MANHATTAN (CN) - Fictitious profits paid to certain investors in Bernie Madoff's massive Ponzi scheme cannot be seized by the bankruptcy trustee overseeing liquidation of the business, the 2nd Circuit ruled Monday.
The preferred investors argued the money they received were securities-related payments shielded by U.S. Bankruptcy Code from the trustee's "clawback" powers, and the court agreed.
Irving Picard, appointed trustee for Bernard L. Madoff Investment Securities LLC after the business collapsed in late 2008, sued to recover billions of dollars paid to hundreds of preferred investors to make the money more widely available to all of Madoff's victims.
Madoff's business claimed to employ a "split strike conversion strategy" for investors whereby it timed the market to purchase a basket of stocks on the S&P 100 Index, then hedged those purchases with related options contracts.
In fact, no actual transactions occurred. Instead, Madoff deposited customer investments into a single checking account and fabricated statements showing fictitious trades that brought in returns of 10 percent to 17 percent annually.
When customers sought to withdraw "profits" shown on their statements, Madoff sent them money from the checking account.
Over time, some customers took out more money than they had invested with Madoff - money that Picard sued to recover for the bankruptcy estate.
But the defendant investors moved to dismiss the trustee's complaints, contending that Section 546(e) of the bankruptcy code shields securities-related payments made by a stockbroker.
U.S. District Judge Jed Rakoff of the federal court in Manhattan ruled in their favor in 2012, prompting Picard's appeal to the 2nd Circuit.
Section 546(e) often is called the stockbroker's safe harbor defense because it can be used to block fraudulent-conveyance claims by trustees.
Picard, who sought recovery under both federal and New York law, contended Section 546(e) should not apply because Madoff undertook no transactions for his customers.
But U.S. Circuit Judge Barrington Parker, writing for the three-judge appeals panel, rejected the argument that the section "would only apply if Madoff had actually completed the securities transactions he purported to effectuate."
Instead, "we conclude that Section 546(e) shields these transfers from avoidance because they were 'made in connection with a securities contract' and were also 'settlement payment[s]," he wrote, quoting from the bankruptcy code.
The term "securities contract" is expansive, according to Parker, including actual sales agreements and any others that are similar or related to such contracts.
Madoff customers signed three documents on opening an account that established a relationship under which securities were bought and sold on their behalf - even if no actually transactions occurred.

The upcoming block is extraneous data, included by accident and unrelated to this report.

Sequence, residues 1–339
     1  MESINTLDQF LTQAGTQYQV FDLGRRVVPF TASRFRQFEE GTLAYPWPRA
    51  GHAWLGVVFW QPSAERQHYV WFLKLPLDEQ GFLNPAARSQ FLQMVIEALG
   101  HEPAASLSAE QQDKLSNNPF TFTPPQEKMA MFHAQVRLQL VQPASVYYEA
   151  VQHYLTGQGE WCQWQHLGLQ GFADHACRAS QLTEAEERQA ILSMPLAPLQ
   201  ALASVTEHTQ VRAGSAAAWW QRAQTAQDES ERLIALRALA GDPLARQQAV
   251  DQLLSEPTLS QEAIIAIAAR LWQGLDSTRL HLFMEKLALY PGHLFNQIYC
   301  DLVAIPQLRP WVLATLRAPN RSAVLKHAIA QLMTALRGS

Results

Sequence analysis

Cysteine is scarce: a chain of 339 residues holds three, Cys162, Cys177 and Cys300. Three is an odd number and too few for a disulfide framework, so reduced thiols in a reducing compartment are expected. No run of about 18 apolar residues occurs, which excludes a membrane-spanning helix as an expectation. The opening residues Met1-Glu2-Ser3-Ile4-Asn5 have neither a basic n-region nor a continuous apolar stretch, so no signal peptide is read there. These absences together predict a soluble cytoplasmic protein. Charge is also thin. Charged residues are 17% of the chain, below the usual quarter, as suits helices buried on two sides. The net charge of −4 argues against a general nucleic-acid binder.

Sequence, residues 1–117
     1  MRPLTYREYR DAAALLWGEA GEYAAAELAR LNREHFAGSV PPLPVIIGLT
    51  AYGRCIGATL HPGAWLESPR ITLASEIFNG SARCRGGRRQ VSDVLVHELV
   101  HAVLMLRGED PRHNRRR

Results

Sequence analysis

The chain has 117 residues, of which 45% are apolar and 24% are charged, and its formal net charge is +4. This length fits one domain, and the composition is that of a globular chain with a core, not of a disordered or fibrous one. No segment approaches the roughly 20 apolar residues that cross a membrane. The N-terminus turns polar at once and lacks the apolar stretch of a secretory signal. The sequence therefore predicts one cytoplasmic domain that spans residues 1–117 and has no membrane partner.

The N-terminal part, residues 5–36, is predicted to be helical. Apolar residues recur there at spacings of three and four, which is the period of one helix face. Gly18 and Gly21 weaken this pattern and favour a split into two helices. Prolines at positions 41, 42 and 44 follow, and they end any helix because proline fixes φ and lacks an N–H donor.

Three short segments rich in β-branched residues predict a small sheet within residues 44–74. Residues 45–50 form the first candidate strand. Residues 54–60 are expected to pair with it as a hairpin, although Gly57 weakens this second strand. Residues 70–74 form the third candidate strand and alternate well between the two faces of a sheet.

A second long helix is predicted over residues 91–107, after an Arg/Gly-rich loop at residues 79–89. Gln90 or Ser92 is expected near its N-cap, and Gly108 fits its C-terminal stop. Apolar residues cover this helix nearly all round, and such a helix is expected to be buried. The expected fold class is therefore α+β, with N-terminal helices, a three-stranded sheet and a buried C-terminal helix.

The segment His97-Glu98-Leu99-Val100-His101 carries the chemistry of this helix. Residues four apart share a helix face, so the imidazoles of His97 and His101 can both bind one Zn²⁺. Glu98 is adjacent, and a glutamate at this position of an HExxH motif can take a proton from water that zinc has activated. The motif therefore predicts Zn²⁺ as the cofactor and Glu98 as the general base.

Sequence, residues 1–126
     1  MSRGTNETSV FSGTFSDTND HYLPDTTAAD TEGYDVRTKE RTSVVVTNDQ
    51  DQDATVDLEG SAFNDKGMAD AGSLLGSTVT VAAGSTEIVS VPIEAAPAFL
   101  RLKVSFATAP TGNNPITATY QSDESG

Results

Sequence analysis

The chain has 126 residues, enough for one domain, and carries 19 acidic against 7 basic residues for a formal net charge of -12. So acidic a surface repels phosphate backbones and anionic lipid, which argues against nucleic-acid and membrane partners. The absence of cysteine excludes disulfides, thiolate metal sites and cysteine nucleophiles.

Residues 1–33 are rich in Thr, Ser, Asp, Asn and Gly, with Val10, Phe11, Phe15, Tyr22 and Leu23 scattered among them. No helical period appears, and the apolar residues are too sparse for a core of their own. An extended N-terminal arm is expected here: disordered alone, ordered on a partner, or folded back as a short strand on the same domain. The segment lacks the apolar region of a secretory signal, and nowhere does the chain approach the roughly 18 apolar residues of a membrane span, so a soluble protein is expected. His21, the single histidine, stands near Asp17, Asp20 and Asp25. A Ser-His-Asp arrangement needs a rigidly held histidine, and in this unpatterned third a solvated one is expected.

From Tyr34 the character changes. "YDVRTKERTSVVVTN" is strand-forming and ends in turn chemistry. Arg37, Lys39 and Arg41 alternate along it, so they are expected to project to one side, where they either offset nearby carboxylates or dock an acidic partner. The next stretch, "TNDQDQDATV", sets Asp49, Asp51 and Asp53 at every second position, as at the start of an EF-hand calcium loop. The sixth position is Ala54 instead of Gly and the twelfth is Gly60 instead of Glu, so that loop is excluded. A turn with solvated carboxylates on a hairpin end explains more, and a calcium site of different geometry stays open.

"The transfers at issue originated with, and could not have been possible but for the relationship created by the account documents," Parker wrote. "Accordingly, we conclude that they fall within the statute's broad definition of 'securities contracts.'"
The court also found that the transfers constituted "settlement payments," which also shielded them from clawback.
"Because the customer granted BLMIS discretion to liquidate securities in their accounts to the extent necessary to implement their sell orders or withdrawal requests, each transfer in respect of such an order or request constituted a settlement payment," Parker wrote, using an abbreviation for Madoff's firm.
The judge said the court rejected Picard's contention that "to allow customers to retain the fictitious profits Madoff arbitrarily bestowed on them amounts to giving legal effect to his fraud."
Yes, he said, the transfers were part of a Ponzi scheme and as such were fraudulent.
"Indeed, BLMIS's conduct was in flagrant breach of the agreements it made with its customers," Parker wrote. "But the fact that a payment was made in connection with a Ponzi scheme does not mean that it was not at the same time made in connection with a (breached) securities contract. After all, a transfer can be connected to, and can be made in relation to, multiple documents or purposes simultaneously."
Madoff pleaded guilty to 11 federal fraud counts in 2009 and was sentenced to 150 years in prison.
Greg Schwed, a partner in Loeb & Loeb in Manhattan, which argued for some of the investors at the appeal, praised the decision for allowing "good-faith" victims to retain about $1.6 billion threatened by clawback.
"We think the 2nd Circuit got it exactly right," Schwed said in a statement. "The court's ruling sharply restricts the trustee's litigation campaign against innocent victims of Madoff's fraud - many of them retirees whose savings were wiped out. ... This ruling respects the balance set by Congress between the trustee's goal of collecting money and the right of Madoff victims to keep amounts they received in good faith many years ago."
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